Chicago Churches Oppose Calls to End City’s Sanctuary Status

In 1985, Chicago Mayor Harold Washington passed an ordinance prohibiting city workers from cooperating with immigration police to detain and deport undocumented migrants. With this ordinance, Chicago became a sanctuary city, joining other U.S. cities in resisting policies that criminalize migration. Almost 40 years later, Republican Gov. Greg Abbott has used Chicago’s sanctuary status as an excuse to bus and fly thousands of migrants to the city from Texas, where he has instituted strict migration policies.

Since Texas began bussing and flying migrants to Chicago in 2022, the city has welcomed over 30,000 migrants. These migrants have endured terribly cold winters, undignified housing, and a city divided by feelings of frustration, indifference, and solidarity.

News outlets have documented the living conditions of new migrants in Chicago. Migrants are crowding aboard CTA buses; migrants are sleeping in overcrowded shelters; migrants are living on the streets or in tents. Chicago, it seems, represents immigration policy and altruistic ideals gone wrong. Local governments are burdened by nationwide immigration policies. Is this what it means to be a sanctuary city?

Social pressures have led some residents to call for the end of Chicago’s sanctuary city status. They’ve built rhetorical momentumby imagining a “we” that makes up the city’s residents and excludes Chicago’s newly arriving migrants. The presumption, for some Chicago residents, is that we are not responsible for Abbott sending people to Chicago and that we are going to suffer due to Chicago’s status as a sanctuary city. This is a rhetoric that allows us to neglect responsibility to our new neighbors.

Amid the pressures to end Chicago’s sanctuary city status, Chicago Mayor Brandon Johnson has consistently been advocating for policies that will lead to better living conditions for migrants. In April, the city council approved Johnson’s request that $70 million be taken from a surplus fund to be used on behalf of Chicago’s migrants. This comes just weeks after Johnson called for the federal government to grant work permits to immigrants regardless of their migration status.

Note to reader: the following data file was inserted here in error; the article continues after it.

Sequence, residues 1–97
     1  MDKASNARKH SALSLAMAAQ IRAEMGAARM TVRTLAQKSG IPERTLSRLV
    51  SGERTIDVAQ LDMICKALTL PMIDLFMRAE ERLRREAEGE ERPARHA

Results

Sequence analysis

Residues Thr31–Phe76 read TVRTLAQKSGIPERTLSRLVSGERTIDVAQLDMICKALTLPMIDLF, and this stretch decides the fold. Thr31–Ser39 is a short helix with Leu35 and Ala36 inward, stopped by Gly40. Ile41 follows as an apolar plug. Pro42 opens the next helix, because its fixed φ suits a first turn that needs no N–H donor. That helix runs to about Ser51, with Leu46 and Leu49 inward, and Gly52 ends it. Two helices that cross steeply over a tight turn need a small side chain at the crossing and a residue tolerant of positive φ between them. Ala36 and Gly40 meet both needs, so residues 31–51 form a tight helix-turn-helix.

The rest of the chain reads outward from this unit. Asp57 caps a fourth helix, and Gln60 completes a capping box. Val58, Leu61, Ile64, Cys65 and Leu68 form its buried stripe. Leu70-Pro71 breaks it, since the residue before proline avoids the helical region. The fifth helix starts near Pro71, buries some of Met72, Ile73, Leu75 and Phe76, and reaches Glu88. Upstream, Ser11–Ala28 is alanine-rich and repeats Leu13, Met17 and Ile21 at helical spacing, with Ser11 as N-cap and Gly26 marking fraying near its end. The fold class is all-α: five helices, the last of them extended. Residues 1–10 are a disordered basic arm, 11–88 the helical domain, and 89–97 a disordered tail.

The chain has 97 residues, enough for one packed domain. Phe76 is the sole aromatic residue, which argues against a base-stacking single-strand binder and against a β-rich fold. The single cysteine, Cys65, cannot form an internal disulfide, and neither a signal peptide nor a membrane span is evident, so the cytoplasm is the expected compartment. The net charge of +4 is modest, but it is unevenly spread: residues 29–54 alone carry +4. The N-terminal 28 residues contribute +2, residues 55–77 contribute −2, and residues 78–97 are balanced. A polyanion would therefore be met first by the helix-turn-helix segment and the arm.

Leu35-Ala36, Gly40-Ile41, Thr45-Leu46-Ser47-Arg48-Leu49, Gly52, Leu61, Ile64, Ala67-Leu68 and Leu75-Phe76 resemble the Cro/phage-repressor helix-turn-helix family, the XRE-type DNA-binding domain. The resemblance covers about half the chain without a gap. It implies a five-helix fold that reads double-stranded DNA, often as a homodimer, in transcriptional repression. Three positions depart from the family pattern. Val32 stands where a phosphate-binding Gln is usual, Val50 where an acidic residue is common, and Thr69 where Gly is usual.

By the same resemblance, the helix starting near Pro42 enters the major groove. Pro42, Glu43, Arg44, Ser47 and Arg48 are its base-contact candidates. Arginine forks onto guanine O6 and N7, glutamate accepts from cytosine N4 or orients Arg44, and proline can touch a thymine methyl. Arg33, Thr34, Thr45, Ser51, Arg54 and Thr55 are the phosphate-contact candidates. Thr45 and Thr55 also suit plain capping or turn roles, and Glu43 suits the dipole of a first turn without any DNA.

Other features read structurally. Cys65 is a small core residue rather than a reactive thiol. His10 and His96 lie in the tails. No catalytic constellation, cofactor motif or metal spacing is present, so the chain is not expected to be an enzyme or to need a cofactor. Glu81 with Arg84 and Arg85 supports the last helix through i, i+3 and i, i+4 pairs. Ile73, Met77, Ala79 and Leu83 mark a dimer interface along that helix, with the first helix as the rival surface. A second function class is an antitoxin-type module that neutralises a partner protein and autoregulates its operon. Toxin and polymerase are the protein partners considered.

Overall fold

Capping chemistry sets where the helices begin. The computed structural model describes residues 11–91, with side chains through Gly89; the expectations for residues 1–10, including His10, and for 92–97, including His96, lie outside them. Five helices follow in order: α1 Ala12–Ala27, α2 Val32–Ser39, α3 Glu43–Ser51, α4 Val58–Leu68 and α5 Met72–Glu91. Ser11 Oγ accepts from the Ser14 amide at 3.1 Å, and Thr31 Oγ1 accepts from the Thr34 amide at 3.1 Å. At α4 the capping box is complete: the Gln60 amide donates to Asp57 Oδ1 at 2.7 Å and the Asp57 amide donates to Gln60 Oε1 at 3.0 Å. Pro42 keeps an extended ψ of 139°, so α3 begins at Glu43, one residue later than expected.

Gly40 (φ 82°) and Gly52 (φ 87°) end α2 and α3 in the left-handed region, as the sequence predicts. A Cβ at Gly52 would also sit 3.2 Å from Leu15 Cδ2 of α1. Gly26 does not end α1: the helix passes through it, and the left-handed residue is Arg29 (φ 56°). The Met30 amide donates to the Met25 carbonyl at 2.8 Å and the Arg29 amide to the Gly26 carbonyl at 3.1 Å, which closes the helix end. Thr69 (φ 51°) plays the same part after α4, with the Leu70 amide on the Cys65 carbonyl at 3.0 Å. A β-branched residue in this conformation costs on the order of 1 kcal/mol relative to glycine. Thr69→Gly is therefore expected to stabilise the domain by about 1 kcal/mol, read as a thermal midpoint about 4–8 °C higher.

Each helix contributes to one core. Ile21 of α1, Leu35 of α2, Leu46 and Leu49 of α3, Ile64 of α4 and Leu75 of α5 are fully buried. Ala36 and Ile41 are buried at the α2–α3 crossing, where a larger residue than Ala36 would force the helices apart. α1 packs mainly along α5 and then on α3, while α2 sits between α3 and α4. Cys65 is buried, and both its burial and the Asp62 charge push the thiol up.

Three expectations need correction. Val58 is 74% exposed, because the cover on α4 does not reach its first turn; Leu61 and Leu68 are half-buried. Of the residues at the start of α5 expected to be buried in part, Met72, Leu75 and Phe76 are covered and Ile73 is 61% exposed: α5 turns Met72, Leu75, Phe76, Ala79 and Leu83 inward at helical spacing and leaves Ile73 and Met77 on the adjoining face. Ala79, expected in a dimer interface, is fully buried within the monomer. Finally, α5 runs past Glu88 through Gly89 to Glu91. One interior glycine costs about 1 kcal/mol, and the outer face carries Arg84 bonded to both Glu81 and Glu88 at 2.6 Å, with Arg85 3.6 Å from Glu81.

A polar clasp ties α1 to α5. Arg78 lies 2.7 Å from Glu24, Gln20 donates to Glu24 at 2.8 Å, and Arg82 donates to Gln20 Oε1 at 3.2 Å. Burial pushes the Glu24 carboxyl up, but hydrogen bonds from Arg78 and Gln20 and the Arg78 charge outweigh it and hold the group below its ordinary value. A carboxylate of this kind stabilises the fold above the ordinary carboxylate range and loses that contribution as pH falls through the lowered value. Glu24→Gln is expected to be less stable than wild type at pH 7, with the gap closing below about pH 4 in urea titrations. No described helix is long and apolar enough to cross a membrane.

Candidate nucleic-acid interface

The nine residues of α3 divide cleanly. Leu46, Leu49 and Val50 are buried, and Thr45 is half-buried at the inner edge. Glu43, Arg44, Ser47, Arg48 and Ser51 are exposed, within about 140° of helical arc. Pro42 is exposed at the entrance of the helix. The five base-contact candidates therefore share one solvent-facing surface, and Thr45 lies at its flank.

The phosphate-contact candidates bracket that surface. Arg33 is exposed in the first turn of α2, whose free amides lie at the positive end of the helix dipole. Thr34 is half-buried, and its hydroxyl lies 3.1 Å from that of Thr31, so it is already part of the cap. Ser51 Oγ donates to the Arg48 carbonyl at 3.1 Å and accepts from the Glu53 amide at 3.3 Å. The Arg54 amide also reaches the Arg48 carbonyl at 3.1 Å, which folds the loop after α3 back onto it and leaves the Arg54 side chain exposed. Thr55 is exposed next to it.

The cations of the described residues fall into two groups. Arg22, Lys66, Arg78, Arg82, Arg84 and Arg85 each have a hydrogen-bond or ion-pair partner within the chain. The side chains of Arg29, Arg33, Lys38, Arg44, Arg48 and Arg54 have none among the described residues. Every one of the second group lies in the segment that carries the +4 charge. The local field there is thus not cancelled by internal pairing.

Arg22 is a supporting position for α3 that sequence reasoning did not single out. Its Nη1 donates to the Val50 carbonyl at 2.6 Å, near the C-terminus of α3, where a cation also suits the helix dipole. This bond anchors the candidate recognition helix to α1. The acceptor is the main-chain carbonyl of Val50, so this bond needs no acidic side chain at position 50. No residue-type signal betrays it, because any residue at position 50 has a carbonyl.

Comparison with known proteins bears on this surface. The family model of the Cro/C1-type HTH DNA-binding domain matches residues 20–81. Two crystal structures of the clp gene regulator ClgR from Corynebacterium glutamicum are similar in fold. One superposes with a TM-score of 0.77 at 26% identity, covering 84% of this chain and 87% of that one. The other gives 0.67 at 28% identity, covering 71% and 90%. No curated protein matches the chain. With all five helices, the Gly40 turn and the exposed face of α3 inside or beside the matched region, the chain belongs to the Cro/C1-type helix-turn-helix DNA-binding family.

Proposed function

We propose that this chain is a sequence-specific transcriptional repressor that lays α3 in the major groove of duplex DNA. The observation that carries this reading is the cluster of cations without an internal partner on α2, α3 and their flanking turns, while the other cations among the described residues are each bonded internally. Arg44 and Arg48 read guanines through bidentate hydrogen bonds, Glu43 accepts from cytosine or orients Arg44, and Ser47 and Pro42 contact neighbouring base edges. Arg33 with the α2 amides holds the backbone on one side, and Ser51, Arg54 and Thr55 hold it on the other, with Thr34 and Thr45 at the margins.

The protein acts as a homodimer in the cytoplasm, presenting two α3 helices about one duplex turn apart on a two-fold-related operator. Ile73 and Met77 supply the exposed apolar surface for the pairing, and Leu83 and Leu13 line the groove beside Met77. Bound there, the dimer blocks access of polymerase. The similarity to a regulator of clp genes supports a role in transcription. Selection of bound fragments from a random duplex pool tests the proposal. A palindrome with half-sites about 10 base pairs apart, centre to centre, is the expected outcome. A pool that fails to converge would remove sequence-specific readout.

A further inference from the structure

“The migrants coming to Chicago aren’t the crisis. Our inability to welcome them is,” said Rev. Paula Cripps-Vallejo, pastor of Humboldt Park United Methodist Church, a Latinx congregation that has always felt the urgency of welcoming new migrants. When I talked to her over the phone, she told me that the problem of migration is not new and that Chicago has always been a city that experiences migration on a regular basis. “What has shifted is how folks are being sent to Chicago — some are choosing to go and some are not — as pawns in a political game.”

In response, her church has been doing what it has always been doing: helping newly arrived migrants feel at home after long, uncertain, and costly journeys. In response to the recent wave of migration, they’ve provided housing for three families and raised funds to help pay for public transportation cards for migrants; they’ve partnered with local mutual aid group El Árbol to start a free store for essential items like blankets and clothes.

I asked her why the church felt compelled to help. “The majority of Latinx congregations are doing this because this is what it means to welcome Jesus as Jesus welcomed us. We were strangers. It is the biblical story lived out in real-time.”